I have something on my mind that I would like to share.
A few days ago, I decided to publish a list of current calls and contests specifically for printmakers, simply because I could not find such a list and wanted to have one. I’ve received an incredibly positive response, and I’m gratified to know that I’ve done something helpful for others. Using my list as a starting point (which covers opportunities that printmakers in the United States are eligible to enter), an intrepid Prinsty member (Minouette) drew up a list with a little more detail (click here to see it). I will maintain my list with as much proficiency as time and human limitations will allow, keeping my focus on what U.S. citizens are eligible to enter, while the Printsy list will have a wider focus.
Printmaking is rooted in old technology, though there are new and exciting things that the advancement of technology and knowledge have made possible for printmakers, like solar plates and less-toxic solvents. There is something satisfying and romantic about engaging in processes that have been used for hundreds of years (this does not apply to screen printing, but I mean no disrespect). Presses are beautiful things, and relatively simple in comparison to modern machinery. If you have patience and access to a machine shop (or can hire a machinist), you can build a press. You can purchase Doug Forsythe’s designs to build an etching press, see part of Kevin Welsh’s design and process (shame it’s not finished), or you can build a bottle jack press from a design by Charles Morgan. Ray Trayle built some lovely etching presses right here in Portland; I learned how to print on one of them.
Then there is the beauty of the physical surface of the plate: copper, zinc, wood, linoleum, aluminum, limestone; and don’t get me going on about the sensual properties of paper! These surfaces, and the physical processes of working with them, are so much more exciting than pixels on a computer screen. Printmakers tend to like seeing things on paper.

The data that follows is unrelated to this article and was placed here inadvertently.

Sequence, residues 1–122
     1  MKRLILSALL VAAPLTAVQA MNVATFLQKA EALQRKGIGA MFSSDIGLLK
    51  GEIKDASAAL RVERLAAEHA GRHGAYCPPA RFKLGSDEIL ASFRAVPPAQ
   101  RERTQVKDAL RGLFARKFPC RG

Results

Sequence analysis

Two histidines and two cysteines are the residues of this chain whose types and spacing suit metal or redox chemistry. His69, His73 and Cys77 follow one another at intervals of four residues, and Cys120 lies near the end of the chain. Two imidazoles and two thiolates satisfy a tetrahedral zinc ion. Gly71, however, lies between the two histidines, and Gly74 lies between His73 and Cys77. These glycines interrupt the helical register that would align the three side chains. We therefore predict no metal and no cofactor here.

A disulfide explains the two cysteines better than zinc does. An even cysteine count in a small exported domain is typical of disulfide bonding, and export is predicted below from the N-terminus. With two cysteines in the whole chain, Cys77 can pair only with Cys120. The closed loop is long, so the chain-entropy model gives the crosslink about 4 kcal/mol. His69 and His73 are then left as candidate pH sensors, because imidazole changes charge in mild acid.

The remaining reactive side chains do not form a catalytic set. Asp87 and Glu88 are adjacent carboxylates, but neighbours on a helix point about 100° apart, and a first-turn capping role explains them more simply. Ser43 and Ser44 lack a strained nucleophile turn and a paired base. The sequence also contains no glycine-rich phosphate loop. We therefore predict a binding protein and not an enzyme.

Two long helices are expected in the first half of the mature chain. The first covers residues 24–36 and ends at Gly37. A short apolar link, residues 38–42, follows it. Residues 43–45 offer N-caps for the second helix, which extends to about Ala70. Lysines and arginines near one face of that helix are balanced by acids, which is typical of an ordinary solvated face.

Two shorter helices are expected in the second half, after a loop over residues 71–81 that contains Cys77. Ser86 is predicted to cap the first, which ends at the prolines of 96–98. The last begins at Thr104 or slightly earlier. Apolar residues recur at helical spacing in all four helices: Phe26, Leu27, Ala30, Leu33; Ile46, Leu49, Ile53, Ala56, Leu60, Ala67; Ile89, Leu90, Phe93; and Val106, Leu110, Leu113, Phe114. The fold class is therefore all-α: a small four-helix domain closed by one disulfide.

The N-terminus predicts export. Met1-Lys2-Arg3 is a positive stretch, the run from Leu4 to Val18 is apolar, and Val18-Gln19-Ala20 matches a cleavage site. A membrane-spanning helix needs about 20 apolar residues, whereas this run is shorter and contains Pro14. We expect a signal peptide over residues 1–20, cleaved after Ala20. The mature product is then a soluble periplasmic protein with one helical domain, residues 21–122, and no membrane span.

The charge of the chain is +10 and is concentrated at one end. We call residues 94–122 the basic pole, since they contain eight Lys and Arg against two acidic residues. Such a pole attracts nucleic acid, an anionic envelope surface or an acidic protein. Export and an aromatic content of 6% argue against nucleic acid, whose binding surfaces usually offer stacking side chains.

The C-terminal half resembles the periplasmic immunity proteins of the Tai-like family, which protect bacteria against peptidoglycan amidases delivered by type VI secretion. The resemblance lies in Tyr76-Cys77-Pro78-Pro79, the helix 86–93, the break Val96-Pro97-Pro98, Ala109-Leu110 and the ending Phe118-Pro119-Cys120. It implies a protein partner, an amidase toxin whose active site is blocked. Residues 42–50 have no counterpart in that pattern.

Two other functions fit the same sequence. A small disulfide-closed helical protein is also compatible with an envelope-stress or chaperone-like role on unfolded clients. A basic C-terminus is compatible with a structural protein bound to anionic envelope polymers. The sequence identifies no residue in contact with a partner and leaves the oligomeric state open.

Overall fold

Then there is the community aspect of printmaking: we all learn from the people with whom we share studio space, making the process of learning to print something of an oral tradition, or a master/apprentice situation. Perhaps this is why I’ve had trouble finding reliable resources about printmaking online. I have several excellent books on printmaking that cover a wide array of processes, but they lack the circulation and (let’s face it) convenience of being accessible via search bar. I love my books, but not everyone who is beginning to print, or picking up printmaking again, is willing to invest in a book of questionable expertise that usually costs much more than your average paperback. Who can blame them? Most of the books on printmaking I’ve found are wildly out of date, full of solvents and tools that are no longer readily available, if they still exist. You have to know your stuff to know whether or not the materials discussed in the book are relevant–which seems to defeat the point of getting a book on the topic, unless you’re a bibliophile like me.
My point is that there is a reason I’ve had such a positive response regarding my list of calls and contests for printmakers: printmakers need online resources that are concise, coherent, easy to access, and easy to read. Just because we love tools and techniques from the past doesn’t mean that we shouldn’t have a piece of the present. This quest to find and share resources is why I’ve recently signed up for INKTERACTION, an international social media and networking hub just for printmakers.
If you know of any excellent printmaking resources on the Internet, please share them in the comments. We would all love to know, I’m sure.